View Full Version : Electrical question (heaters)

John Gregory
01-11-2007, 11:53 AM
We are remodeling our basement. We knocked down a wall and made two small bedrooms into one larger guest bedroom. In each of the two bedrooms I had an in wall 110V heater, each having their own thermostat. I wanted to use the two 100V heaters in the new larger room, but have one thermostat control both heaters. I purchased a line powered 220V thermostat and thought I could use one pair of wires for one heater and the other pair for the second heater. ( I have a separate 20amp breaker for each heater.) However I have found that this does not work. The 220V thermostat is meant for one device only. the L2(line) and T2(load) wires are always closed, so one heater runs constantly and does not cycle like the other one, wired to L1 and T1 does.
So my question is, is there a way that I can run both 110V heaters using just one thermostat?

Thanks. ( I have come to depend on the members of SMC as a source of information on any and all subjects. I am always in awe of the wealth of knowledge of this group)

Kent Fitzgerald
01-11-2007, 12:53 PM
John, let me make sure I understand what you're proposing: You plan to run two independent 120V circuits (each with its own neutral) and use a single 'stat to interrupt both hots?

There are two-pole 240V thermostats that break both sides of the line, which I suppose would work, BUT I've never seen it done this way with two 120V circuits. Off the top of my head, I don't know if there's any specific code prohibition or safety hazard that would apply here, but it seems unconventional. Call me boring, but my rule of thumb in wiring is that I never want someone to look at my work later and say "never seen that before."

It also seems strange that the 'stat you have now has four connections (L1, L2, T1, T2), yet the L2-T2 is unswitched. In my experience, single pole 'stats only have two connections. Have you verified the operation with an ohmmeter (with the 'stat completely disconnected from the circuit)? Is it new or used?

John Gregory
01-11-2007, 1:03 PM
I have verified with a meter, and I have tried two different brands of stats. both worked the same. On the old 110V stat there are only two wires, works much like a light switch. On the the 220V stat there are four wires, two red and two black, two are line and two are load. On a single 220V heater, you would only have to break one side to turn of the heater. I can do a bit of rewiring and run the heaters on their own stat. I just thought a single stat would nicer. The heaters are not for primary heat, the forced air furnance does that. During the remodel we insulated the walls and the need for the wall heater may or may not be needed.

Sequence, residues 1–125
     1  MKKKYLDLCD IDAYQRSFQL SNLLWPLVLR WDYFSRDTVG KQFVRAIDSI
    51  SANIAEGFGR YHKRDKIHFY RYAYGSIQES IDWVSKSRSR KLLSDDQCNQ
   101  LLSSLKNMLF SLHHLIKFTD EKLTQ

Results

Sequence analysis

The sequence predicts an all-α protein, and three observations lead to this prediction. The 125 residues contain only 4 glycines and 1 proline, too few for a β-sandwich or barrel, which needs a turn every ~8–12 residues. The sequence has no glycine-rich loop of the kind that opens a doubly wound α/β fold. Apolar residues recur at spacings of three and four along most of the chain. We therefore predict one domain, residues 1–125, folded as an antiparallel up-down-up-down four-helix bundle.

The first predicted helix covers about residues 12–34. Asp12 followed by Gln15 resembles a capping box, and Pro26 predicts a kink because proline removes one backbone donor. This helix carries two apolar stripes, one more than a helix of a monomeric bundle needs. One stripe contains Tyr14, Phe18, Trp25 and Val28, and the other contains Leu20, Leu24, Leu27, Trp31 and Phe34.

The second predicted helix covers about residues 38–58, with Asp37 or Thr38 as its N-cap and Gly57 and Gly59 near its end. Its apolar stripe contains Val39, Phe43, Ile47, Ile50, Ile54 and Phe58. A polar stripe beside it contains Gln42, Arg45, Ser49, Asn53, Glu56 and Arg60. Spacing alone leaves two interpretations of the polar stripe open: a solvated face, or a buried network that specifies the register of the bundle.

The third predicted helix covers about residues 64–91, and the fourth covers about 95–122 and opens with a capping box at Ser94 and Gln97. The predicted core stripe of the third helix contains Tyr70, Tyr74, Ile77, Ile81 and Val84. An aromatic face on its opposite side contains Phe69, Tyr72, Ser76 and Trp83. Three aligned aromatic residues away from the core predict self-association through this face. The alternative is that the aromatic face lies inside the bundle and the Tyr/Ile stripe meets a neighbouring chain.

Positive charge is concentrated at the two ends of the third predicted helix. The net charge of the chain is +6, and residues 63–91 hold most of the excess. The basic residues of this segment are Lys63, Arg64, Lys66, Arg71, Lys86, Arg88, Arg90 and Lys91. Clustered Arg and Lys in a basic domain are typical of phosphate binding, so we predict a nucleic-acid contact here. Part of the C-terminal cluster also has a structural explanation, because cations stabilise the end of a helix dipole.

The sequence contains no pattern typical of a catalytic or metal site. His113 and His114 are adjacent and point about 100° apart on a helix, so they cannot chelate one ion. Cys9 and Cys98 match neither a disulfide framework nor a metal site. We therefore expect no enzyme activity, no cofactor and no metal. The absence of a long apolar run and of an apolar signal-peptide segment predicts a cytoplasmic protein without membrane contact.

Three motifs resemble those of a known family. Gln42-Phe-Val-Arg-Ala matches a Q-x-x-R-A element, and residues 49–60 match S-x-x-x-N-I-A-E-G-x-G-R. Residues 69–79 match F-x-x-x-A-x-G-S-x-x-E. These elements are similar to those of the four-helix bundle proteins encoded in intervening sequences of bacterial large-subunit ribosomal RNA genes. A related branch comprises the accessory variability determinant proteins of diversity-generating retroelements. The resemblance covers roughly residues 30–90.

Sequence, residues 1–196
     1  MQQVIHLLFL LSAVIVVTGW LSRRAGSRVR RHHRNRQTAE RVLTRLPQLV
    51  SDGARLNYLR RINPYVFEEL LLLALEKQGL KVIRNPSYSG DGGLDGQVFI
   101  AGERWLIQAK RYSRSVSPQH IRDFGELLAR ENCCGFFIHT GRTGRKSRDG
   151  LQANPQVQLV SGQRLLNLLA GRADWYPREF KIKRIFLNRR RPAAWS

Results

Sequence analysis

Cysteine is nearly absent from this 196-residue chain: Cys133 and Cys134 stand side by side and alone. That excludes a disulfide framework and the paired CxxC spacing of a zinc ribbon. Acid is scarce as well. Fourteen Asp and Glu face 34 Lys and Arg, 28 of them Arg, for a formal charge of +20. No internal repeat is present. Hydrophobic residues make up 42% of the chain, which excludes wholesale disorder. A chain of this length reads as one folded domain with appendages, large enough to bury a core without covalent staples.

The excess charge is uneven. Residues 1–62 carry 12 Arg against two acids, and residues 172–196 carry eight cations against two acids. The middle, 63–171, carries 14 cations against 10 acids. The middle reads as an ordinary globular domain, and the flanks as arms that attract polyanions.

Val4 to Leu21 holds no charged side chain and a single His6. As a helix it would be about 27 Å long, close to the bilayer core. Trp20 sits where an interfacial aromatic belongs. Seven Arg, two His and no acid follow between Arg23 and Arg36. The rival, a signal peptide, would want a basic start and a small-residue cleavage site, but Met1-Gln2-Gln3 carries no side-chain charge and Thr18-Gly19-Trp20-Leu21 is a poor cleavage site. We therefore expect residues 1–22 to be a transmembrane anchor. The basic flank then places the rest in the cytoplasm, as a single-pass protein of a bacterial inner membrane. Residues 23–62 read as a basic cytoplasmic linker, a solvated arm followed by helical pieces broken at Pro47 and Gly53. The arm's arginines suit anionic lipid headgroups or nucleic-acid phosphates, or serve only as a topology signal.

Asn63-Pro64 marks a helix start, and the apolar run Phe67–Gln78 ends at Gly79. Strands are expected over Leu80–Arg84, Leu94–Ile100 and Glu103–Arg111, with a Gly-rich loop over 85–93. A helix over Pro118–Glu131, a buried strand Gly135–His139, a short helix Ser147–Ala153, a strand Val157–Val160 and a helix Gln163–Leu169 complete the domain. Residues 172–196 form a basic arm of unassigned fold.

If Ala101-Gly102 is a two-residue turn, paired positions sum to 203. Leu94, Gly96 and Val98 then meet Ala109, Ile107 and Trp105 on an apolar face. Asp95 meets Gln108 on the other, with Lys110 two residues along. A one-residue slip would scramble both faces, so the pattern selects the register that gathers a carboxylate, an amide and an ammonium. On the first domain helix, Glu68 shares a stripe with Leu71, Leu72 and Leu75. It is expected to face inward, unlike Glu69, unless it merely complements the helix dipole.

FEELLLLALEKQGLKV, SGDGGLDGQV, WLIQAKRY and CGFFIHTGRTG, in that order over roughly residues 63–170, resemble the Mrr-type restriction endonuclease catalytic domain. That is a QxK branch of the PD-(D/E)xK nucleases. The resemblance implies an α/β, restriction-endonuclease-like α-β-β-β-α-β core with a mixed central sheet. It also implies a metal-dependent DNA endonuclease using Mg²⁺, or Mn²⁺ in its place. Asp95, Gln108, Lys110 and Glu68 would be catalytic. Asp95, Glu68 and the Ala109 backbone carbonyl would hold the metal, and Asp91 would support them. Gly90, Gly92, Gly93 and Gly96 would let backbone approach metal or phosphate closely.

Thanks for your comments.

Kent Fitzgerald
01-11-2007, 1:29 PM
OK, mystery solved: I just looked up the 'stats I used at home (Honeywell CT62B) and found the following: "The CT62B model (DPST) makes double line break with the thermostat set to the OFF position" [my underline]. Presumably, in normal cycling it only breaks one side. Makes sense now.

If you're not sure you'll need the extra heat, I'd say just put in one of the heaters.

From balmy-until-this-week PA,

John Gregory
01-11-2007, 1:38 PM
Thanks Kent,

I may have to just hook up one heater for now. and if a second one is needed, install a second tstat for that one.

Mike Cutler
01-11-2007, 2:55 PM
Umm..., I'm a little confused here. Do you have 240 or 115 supplying the thermostat? I'm going to call the Line Voltage Controller a "Thermostat" for the sake of discussion.
I have two AUBE TH-115, 7 day programmable Thermostats. These are pulse width modulating controllers. One of the thermostats is in the kitchen, and has two 240vac electric baseboard heaters connected to it. The other is in the living room and has four electric base board heaters connected to it.

You should, and I say this with hesitation, be able to put both of your heaters in parallel and then control the switched lead common to both, but I am still confused as to what the actual voltage is feeding the thermostat. If it is 240, and both heaters are 120 the heaters could be placed in series and controlled.